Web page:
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Guoxiong Wu, Yimin Liu, Qiong Zhang, Anmin Duan, Tongmei Wang, Rijin Wan, Xin Liu, Weiping Li, Zaizhi Wang, and Xiaoyun Liang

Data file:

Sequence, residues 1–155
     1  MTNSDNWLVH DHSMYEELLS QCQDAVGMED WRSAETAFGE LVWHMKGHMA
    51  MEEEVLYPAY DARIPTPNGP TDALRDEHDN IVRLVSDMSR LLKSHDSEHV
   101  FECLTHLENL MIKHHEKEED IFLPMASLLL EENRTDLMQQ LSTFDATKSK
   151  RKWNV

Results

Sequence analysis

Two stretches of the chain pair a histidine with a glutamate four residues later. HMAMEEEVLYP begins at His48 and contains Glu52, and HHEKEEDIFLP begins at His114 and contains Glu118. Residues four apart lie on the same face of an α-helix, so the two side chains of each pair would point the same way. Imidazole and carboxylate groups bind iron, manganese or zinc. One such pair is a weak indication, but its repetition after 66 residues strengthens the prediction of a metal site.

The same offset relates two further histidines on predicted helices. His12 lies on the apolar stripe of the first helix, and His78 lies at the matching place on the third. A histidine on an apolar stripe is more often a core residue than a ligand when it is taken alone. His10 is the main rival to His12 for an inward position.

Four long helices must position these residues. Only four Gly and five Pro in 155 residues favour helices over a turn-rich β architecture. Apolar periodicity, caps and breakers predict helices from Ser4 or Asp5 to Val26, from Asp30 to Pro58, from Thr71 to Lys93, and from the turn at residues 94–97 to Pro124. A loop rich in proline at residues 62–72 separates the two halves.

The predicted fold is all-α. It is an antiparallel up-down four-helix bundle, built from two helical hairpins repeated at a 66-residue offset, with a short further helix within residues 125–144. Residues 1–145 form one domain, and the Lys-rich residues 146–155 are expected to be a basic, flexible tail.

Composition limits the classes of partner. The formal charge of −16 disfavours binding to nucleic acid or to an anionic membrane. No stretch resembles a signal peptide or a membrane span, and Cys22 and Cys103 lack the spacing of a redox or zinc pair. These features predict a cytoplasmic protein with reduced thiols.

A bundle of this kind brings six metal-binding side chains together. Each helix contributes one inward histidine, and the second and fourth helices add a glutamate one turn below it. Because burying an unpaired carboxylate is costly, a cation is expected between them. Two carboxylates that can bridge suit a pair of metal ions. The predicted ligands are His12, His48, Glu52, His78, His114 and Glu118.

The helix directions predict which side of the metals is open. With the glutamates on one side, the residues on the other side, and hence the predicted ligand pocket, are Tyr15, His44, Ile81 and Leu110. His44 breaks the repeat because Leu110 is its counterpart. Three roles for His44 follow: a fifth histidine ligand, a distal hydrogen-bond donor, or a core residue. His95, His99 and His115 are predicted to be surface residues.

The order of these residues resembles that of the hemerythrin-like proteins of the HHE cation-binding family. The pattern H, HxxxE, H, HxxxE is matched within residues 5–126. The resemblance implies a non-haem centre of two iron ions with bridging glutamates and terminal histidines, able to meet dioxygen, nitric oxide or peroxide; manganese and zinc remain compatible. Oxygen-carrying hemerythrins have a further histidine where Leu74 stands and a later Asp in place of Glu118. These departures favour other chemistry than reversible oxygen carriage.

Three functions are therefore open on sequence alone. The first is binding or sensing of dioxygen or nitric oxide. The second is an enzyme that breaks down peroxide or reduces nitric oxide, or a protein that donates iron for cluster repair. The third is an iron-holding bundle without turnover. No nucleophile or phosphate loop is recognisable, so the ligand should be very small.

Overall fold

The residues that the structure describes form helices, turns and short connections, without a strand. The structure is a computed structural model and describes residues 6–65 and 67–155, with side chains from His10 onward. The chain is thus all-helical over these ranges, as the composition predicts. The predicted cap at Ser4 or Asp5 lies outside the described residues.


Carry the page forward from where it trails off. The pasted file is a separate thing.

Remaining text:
This paper attempts to provide some new understanding of the mechanical as well as thermal effects of the Tibetan Plateau (TP) on the circulation and climate in Asia through diagnosis and numerical experiments. The air column over the TP descends in winter and ascends in summer and regulates the surface Asian monsoon flow. Sensible heating on the sloping lateral surfaces appears from the authors’ experiments to be the major driving source. The retarding and deflecting effects of the TP in winter generate an asymmetric dipole zonal-deviation circulation, with a large anticyclone gyre to the north and a cyclonic gyre to the south. Such a dipole deviation circulation enhances the cold outbreaks from the north over East Asia, results in a dry climate in south Asia and a moist climate over the Indochina peninsula and south China, and forms the persistent rainfall in early spring (PRES) in south China. In summer the TP heating generates a cyclonic spiral zonal-deviation circulation in the lower troposphere, which converges toward and rises over the TP. It is shown that because the TP is located east of the Eurasian continent, in summertime the meridional winds and vertical motions forced by the Eurasian continental-scale heating and the TP local heating are in phase over the eastern and central parts of the continent. The monsoon in East Asia and the dry climate in middle Asia are therefore intensified.

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